Destiny 2 - Leviathan Raid Review
There’s nothing quite like the journey of completing a raid in Destiny or Destiny 2. Gathering your six-person fireteam, heading into the unknown, and working together as a team to overcome mechanics and bosses. My fireteam and I have completed every raid that Bungie has ever put forth and, as we’ll all likely agree, some are better than others. Having just finished the Leviathan raid in Destiny 2, I wanted to take some time to review it. I won’t be providing a score as the TL;DR Games’ review of Destiny 2 did. Instead, we’ll talk at length about what works and what doesn’t in this Leviathan raid review.
Leviathan Raid Review – Embarkment
When we first arrived on the Leviathan, I really had no idea why we were there. We’ve since learned that there’s an Adventure called Invitation from the Emperor on Nessus that details things a bit. Why couldn’t Bungie have better explained the reasoning for Guardians boarding this giant ship? I have no idea. A simple quest-marker on one of the Vanguard reps that led to a cut scene would have sufficed. I think an Adventure that rotates weekly and could be missed by Guardians was the wrong choice.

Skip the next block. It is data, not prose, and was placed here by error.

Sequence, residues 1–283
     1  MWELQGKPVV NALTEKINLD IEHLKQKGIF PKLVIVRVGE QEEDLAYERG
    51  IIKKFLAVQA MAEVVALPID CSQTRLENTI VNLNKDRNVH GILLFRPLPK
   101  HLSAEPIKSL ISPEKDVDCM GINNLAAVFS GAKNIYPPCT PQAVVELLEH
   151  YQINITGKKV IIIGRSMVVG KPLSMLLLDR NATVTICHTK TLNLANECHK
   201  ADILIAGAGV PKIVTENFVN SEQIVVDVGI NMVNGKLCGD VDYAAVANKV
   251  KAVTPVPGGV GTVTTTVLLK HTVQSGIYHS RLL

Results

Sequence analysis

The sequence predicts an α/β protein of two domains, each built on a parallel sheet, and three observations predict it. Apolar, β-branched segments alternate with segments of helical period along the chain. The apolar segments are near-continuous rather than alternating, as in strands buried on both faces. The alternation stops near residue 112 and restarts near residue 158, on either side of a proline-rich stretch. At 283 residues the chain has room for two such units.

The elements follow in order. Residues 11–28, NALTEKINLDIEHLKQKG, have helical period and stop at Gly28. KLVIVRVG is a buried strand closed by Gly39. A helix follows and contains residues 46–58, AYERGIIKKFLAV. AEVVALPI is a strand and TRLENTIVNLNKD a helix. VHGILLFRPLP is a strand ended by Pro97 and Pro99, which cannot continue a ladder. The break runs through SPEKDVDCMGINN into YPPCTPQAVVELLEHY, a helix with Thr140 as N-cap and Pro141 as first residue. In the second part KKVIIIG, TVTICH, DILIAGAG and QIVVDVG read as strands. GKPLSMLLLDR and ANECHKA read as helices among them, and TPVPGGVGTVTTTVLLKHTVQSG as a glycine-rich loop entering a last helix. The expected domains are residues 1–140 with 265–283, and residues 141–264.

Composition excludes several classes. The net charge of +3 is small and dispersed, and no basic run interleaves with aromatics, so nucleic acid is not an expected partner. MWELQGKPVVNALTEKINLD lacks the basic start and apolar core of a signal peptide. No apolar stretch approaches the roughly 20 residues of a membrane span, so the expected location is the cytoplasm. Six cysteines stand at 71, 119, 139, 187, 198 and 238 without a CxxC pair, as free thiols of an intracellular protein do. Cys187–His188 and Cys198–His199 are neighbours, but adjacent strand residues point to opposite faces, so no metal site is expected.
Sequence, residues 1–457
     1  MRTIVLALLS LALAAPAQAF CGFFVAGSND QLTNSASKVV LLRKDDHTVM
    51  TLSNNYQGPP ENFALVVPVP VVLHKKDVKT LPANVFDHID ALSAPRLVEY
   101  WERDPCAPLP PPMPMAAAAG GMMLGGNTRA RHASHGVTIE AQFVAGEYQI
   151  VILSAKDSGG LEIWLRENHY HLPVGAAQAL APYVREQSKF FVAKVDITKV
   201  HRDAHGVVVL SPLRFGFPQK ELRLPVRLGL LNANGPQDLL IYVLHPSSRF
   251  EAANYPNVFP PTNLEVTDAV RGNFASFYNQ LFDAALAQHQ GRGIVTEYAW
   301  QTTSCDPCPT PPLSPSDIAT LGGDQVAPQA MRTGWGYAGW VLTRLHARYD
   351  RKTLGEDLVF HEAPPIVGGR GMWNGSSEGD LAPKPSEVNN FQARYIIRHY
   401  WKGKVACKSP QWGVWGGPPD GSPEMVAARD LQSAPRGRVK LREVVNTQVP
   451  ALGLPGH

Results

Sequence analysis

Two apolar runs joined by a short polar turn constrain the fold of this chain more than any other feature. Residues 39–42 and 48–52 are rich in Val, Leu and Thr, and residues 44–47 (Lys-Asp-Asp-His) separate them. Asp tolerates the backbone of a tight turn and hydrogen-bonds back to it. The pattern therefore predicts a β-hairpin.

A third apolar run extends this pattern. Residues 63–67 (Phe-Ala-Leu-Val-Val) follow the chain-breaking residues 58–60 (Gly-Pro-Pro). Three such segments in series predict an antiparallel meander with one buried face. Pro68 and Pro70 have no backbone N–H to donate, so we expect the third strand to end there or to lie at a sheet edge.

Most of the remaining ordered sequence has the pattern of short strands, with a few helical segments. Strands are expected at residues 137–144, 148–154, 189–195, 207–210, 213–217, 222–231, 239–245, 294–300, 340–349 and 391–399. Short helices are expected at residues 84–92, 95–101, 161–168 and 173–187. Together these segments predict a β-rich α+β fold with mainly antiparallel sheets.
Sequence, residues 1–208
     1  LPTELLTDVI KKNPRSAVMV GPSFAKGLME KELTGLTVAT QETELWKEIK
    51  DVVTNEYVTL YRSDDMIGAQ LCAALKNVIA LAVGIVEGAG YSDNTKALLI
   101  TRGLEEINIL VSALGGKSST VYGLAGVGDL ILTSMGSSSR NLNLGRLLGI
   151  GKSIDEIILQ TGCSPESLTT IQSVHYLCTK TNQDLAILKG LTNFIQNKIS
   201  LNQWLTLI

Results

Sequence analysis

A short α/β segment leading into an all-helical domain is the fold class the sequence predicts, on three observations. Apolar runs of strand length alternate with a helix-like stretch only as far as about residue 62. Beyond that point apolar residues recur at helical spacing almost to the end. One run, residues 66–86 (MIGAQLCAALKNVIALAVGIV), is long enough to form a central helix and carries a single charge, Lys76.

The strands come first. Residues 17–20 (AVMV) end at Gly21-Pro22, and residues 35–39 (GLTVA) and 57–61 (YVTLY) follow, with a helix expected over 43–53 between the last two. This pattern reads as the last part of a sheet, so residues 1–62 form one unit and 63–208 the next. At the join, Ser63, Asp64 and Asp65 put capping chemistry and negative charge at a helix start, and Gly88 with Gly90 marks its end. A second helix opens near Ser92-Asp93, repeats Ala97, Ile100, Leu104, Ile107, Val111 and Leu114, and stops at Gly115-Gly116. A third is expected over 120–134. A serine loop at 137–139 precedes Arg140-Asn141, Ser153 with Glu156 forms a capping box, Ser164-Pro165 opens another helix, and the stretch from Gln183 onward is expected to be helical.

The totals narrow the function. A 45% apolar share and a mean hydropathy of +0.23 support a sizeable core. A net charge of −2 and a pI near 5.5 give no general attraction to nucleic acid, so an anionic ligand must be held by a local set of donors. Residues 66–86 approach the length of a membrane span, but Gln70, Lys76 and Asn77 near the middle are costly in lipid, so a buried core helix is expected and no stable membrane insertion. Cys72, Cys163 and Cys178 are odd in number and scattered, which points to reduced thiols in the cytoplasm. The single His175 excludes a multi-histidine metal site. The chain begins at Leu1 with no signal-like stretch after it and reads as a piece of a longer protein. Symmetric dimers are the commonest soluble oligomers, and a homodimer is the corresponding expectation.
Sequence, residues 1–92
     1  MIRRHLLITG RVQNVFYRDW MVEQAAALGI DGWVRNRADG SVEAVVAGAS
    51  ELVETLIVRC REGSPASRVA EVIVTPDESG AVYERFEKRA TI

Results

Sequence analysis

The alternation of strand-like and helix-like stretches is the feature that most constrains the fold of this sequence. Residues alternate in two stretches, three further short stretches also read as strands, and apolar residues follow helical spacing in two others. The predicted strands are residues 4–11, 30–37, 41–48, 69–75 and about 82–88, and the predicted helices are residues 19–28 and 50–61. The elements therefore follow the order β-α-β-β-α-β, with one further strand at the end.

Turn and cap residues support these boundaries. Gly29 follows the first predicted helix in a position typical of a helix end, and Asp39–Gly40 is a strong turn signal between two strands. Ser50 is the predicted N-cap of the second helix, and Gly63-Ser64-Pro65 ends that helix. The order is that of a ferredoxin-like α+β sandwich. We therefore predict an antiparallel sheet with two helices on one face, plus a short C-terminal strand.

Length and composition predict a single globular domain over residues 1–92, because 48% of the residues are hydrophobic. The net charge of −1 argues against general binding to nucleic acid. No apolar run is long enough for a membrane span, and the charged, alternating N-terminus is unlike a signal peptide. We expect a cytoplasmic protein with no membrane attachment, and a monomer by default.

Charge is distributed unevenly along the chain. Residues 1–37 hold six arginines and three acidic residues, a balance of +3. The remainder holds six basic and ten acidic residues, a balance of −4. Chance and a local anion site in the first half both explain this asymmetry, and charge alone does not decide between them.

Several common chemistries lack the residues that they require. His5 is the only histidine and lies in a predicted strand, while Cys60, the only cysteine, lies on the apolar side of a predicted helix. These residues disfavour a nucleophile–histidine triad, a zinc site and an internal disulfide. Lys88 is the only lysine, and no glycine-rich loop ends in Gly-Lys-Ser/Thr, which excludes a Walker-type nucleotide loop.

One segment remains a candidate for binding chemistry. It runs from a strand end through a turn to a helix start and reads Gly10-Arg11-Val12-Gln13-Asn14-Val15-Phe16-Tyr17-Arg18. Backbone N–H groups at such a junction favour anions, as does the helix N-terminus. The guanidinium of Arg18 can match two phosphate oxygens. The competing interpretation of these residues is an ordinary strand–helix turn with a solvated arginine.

What impressed me, though, was the size of the ship. It certainly looked like something that was fit for Cabal royalty. Everything made me feel small, which is consistent with the Cabal enemy type. They are some big, angry, ground-stomping fools that can dummy you faster than a Hunter can blink.
It wasn’t until a week or two later that I learned about the underbelly of the Leviathan. There are three access doors located in he Embarkment section that allow Guardians to travel to different points of the raid without messing with the Castellum repeatedly. The underbelly is likely my favorite thing about the raid.
Leviathan Raid Review – Castellum
I remained impressed as my team headed from the Embarkment to the Castellum. The idea of opening a door to get to a section of the raid was cool. It was even cooler when I realized that each raid section was just off this courtyard of sorts and, each week, Bungie forced fireteams to start on a different section. I think this was a smart move, as it allows fireteams stuck on the first section one week to try a different section first the following week.
The Castellum is also home to about the toughest fight that you’ll get in the entire Leviathan raid. The act of killing Standard Bearers and Standard Liberators, all while defending the Standards, is more intense than any other combat moments you’ll find in the Leviathan raid. That doesn’t feel right to me somehow.
I continued to lose my love of the Castellum when I realized that you had to repeat the fight with the Standard Bearers and Standard Liberators multiple times per run. This disappointment was short-lived, though, as my team and I soon discovered the underbelly was the best way to move around. The Castellum quickly became a necessary evil when starting the Leviathan each week, only to be ignored the moment we opened the door to the first section. It’s kind of like the Farm in that way. It’s cool and all, but it feels like Bungie could have done more here without being too repetitive.